City’s Rivers Are Obstacles and Opportunities: Panelists
Tunnels, river traffic listed as regional priorities
New York City’s waterways and its 520 miles of coastline were top-of-mind for infrastructure players at Commercial Observer’s Transportation and Infrastructure Construction Forum, held at the City University of New York Graduate Center in Midtown Manhattan today.
Rezonings in recent decades along the East River have brought waves of new residents and businesses to waterfront properties. And given that North America’s largest city comprises four distinct land masses, moving people and freight over, under and across its rivers presents one of the region’s most distinct challenges–especially as ground transportation has descended into hopeless gridlock.
“If you look at streets, roads and highways, we’ve all seen the congestion,” Tom Wright, president of the Regional Plan Association, said. The need for improved cross-river transit, in turn, has become all the more dire.
Most crucial is completion of the Gateway Program, a multifaceted project backed by Amtrak, New York and New Jersey to improve rail capacity under the Hudson River. Petra Messick, Amtrak’s head of planning for the improvements, said that thanks to damage from Hurricane Sandy, the two tracks that connect Penn Station and Newark are at constant risk of becoming unusable, rendering work on a parallel tunnel essentially an infrastructure emergency.
If one of the existing tunnels failed before the replacement is done—2026 at the earliest, Messick said, “we would essentially have to cut service down to one-track operations, a 75 percent cut. That would have a devastating effect on the economy.”
As always when dealing with massive infrastructure projects, sticker shock is an ever-present concern. All told, the entire Gateway Program is estimated to cost about $30 billion, a spokesman for the project said. Former New Jersey Governor Chris Christie canceled work on a similar project to redirect its funding, and the Gateway Program is still seeking federal grants that the Trump administration’s Federal Railway Administration has yet to approve.
Government agencies aren’t the only ones feeling the burn of higher project values. When moderator Paul Monte of Peckar & Abramson announced a question-and-answer session, one construction executive who didn’t give his name prodded panelist Wahid Albert, the chief engineer for the New York State Department of Transportation, about the disappearance of smaller, $5 million to $10 million public contracts in favor of megadeals that only the largest firms can vie for.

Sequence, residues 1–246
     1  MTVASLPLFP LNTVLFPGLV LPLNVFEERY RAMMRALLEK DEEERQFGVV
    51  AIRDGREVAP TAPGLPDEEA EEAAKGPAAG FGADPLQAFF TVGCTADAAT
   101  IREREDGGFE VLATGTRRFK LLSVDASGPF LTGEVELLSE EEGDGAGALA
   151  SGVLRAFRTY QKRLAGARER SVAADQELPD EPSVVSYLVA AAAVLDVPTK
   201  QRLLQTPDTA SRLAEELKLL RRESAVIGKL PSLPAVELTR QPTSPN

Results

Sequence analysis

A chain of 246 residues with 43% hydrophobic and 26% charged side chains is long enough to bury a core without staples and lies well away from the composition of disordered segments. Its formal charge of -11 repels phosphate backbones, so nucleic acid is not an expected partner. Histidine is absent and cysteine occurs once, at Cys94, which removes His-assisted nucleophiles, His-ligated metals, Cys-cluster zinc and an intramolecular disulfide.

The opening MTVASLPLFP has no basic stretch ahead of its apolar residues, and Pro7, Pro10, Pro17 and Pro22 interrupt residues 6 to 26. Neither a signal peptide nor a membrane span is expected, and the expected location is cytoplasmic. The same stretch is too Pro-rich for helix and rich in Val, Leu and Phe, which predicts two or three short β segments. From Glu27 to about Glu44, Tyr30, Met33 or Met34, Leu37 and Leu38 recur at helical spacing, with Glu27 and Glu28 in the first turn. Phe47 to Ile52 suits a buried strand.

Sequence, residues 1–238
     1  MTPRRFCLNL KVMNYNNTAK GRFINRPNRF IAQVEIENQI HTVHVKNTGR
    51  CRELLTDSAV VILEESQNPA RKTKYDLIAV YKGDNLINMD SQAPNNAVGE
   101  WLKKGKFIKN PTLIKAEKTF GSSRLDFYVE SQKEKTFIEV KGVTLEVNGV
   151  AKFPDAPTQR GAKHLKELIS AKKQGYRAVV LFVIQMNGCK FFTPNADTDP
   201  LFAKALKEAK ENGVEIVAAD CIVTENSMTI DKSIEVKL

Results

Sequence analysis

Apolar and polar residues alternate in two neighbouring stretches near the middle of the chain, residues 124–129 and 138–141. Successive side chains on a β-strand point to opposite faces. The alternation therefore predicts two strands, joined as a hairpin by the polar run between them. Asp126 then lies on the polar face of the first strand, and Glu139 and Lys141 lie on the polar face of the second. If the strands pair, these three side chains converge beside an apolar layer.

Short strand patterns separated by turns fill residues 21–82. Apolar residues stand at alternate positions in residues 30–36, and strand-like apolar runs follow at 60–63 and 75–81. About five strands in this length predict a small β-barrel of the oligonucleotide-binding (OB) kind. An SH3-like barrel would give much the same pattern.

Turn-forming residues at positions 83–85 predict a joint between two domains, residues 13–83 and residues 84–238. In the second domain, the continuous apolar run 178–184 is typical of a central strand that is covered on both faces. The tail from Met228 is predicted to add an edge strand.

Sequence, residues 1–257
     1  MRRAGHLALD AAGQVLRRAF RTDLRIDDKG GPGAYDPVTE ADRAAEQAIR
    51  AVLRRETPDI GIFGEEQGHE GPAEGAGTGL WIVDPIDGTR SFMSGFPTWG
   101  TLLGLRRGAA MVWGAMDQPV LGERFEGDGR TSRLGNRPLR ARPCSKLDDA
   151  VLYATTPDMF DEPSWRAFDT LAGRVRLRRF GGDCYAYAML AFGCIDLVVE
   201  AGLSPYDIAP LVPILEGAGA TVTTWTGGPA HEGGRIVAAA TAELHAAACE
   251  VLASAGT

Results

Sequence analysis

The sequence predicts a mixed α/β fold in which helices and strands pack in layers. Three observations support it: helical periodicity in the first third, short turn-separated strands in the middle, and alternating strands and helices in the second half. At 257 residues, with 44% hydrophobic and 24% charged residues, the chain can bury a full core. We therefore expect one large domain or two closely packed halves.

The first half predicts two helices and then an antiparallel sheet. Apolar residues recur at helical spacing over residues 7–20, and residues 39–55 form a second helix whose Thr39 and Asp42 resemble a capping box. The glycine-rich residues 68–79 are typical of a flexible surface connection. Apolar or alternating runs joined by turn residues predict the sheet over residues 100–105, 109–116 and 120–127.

“Well, nothing costs $5 million [in New York City] anymore,” Albert said wryly. His department doesn’t relish having to tackle dozens of major projects at once, he continued, but given the region’s needs, there’s no choice. “We get a bigger bang for our buck when we bundle projects.”
Even so, if public agencies can secure the requisite funding, forthcoming transit projects stand to represent a windfall for builders with deft shovels. Work continues apace on East Side Access, the MTA’s project to bring Long Island Rail Road service to Grand Central Terminal. (Today, the commuter line only serves Penn Station.) And Albert said that his dream project at the DOT is a tunnel under Long Island Sound connecting the populous suburban island to Connecticut that would cost $50 billion.
“We’d have concerns” about the cost-efficiency of such a tunnel, Wright said.
More buoyant sentiments prevailed among industry leaders concerned with transit along waterways—not under them.
“We’re looking for ways to more efficiently switch trips from automotive to barges,” Seth Myers, an executive vice president at the New York City Economic Development Corporation, said, referring to the movement of freight around the city. “There are increased cross-river connections. How can we build on that?”
One counterintuitive result, Port Authority engineer James Starace explained, is that environmental leaps in water quality have made it harder to maintain wooden piers.
“Cleaner water has brought challenges,” Starace said, explaining to moderator Justin O’Horo, of Withum, how a renaissance of molluscs and crustaceans in the waterways has sped erosion of underwater structures dating from the early 20th century.
To make such facilities more sustainable, the Port Authority committed $500 million to renovate 15 of its piers around the city, Starace said. Richard Cote, a waterways vet with Hudson Meridian Construction, said that coating timber with newfangled epoxies could held dissuade hungry creatures from chowing down on the wood.
In every aspect of improving transit between the region’s landforms, panelists agreed, a proactive approach is paramount.
“Time is not on our side,” Wright warned. “When we delay making investments, they go up dramatically in cost.”